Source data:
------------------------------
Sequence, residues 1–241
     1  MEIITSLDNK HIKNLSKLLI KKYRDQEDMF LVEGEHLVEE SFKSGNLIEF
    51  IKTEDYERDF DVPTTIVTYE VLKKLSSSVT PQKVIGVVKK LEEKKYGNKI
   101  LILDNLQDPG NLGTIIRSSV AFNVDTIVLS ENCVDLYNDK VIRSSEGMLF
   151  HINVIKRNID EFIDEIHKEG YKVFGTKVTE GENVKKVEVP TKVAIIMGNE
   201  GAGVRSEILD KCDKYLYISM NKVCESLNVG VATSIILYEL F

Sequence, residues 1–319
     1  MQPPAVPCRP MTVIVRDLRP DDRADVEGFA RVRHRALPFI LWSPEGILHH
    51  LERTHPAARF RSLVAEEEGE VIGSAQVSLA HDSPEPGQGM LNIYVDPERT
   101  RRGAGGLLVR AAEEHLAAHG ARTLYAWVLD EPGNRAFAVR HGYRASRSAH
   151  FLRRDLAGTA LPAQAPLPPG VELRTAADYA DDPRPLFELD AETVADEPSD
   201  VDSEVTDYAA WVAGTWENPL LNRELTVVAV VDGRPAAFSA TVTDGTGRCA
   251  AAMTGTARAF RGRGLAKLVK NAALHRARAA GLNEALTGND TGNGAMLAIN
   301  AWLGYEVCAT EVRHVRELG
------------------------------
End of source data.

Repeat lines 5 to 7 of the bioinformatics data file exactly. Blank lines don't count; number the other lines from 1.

   151  HINVIKRNID EFIDEIHKEG YKVFGTKVTE GENVKKVEVP TKVAIIMGNE
   201  GAGVRSEILD KCDKYLYISM NKVCESLNVG VATSIILYEL F

Sequence, residues 1–319